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Raise a glass: B.C. VQA celebrating its 30th anniversary in 2020

B.C. VQA celebrates 30 years of wine excellence

Members of B.C.’s Vintners Quality Alliance are hoping wine lovers will raise a glass to the association turning 30 in 2020.

The milestone, according to the B.C. VQA, marks an incredible journey of B.C. grapes, of how locally grown wine was once perceived as being second-tier but is now considered top-shelf.

The B.C. VQA standard was created in 1990 to ensure that B.C. wine was made from 100 per cent locally grown grapes. Those efforts, say organizers, led to the rapid growth of B.C. wines.

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“This anniversary is a celebration of the success and growth of B.C. VQA wine over the last 30 years,” said Miles Prodan, president and CEO of the B.C. Wine Institute.

“B.C. VQA Wine would not be what it is today without the incredible vision, collaboration and determination of our industry.”

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According to the B.C. VQA, prior to 1990, most of the grapes grown in B.C. were hybrids, and the growers’ focus was on quantity rather than quality.

 

A view from Deep Roots Winery in Naramata. The winery’s 2017 Syrah was named B.C.’s 2019 wine of the year.
A view from Deep Roots Winery in Naramata. The winery’s 2017 Syrah was named B.C.’s 2019 wine of the year. Global News

That changed with the signing of the North American Free Trade Agreement between Canada and the United States.

“With the onset of free trade, the government gave the option for growers to remove their vines and plant a different crop,” the B.C. VQA said in a press release.

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“Two-thirds of the 3,400 grape acreage was removed, leaving just 1,134 acres of grapes in 1990, only half of which was estimated to be vinifera grapes.”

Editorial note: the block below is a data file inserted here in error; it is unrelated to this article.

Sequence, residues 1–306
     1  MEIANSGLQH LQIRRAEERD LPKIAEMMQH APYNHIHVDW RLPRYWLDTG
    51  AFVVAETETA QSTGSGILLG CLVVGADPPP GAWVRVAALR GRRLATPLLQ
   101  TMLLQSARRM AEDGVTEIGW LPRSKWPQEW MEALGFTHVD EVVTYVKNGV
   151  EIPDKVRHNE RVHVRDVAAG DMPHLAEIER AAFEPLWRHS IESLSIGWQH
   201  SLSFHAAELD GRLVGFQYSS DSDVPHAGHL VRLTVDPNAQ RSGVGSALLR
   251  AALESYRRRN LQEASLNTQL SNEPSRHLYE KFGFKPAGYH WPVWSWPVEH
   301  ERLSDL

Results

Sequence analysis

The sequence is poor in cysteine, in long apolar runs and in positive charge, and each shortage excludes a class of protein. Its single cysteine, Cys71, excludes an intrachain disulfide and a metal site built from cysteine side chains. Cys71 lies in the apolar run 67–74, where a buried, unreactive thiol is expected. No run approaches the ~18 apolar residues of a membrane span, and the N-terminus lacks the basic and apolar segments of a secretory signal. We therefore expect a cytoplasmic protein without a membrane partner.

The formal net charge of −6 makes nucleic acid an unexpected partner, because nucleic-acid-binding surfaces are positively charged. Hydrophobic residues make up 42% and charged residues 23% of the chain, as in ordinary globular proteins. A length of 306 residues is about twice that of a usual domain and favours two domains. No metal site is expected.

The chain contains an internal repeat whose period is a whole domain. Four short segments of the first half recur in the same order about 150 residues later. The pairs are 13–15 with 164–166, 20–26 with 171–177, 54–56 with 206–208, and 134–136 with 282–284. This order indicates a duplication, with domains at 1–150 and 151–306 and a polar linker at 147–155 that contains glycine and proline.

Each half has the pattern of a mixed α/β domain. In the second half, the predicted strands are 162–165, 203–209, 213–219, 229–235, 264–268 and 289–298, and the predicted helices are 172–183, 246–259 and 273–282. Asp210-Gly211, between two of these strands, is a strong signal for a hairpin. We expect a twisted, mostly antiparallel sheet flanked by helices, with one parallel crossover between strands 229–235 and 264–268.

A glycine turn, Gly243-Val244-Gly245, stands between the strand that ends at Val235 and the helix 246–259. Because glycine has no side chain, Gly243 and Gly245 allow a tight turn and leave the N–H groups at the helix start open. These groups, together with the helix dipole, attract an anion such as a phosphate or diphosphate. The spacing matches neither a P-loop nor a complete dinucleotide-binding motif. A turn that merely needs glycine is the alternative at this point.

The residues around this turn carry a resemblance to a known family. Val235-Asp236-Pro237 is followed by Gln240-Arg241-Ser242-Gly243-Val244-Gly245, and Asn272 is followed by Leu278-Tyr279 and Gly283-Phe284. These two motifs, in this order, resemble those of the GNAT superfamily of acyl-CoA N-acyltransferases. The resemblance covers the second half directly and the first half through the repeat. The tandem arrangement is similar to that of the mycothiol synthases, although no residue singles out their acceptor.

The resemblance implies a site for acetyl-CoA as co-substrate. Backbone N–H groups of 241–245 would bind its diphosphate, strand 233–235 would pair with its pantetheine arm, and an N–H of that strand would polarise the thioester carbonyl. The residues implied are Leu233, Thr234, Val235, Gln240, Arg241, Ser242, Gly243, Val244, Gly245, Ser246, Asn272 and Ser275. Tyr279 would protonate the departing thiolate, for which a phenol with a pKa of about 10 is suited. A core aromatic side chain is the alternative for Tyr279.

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Lanny Martiniuk, one of the founding members of the B.C. Wine Institute (BCWI) and creator of Stoneboat Vineyards, said that had a huge impact on the industry.

“Many growers lost their vineyards,” he said. “We realized we had to do something that would help us produce better grapes and convince the public that we were producing better wine.

“We (the BCWI founders) consulted with the wineries and proposed to the government that the only way to make this happen was to become a premium wine region.”

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What followed were vineyards planting quality vinifera varieties — the beginning of B.C.’s still-growing wine industry.

“Back then, BC wines were not well-received,” said George Heiss, a founding BCWI member and creator of Grey Monk Estate Winery.

“If the wine wasn’t French, no one was looking at it.”

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“We ran into that everywhere when trying to get B.C. wine into hotel restaurants or onto shelves. We had to create a standard. If a wine region doesn’t have a quality standard, it just can’t compete with the rest of the world.”

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The BCWI says the number of licensed B.C. grape wineries went from 19 in 1990 to 282 as of 2020, while the number of vineyards has grown from 115 to 929.

Further, it added, there were 157 certified B.C. VQA wines in 1990, while more than 2,100 B.C. wines now carry the designation.

The BCWI says B.C.’s wine industry contributes $2.8 billion to the provincial economy, and draws one million visitors with $600 million in tourism.

“There’s a trust now that is synonymous with B.C. VQA wine,” said Martiniuk. “Given our success in making quality wines, I’d say, if we’ve done this in just 30 years, we’re only getting started.”

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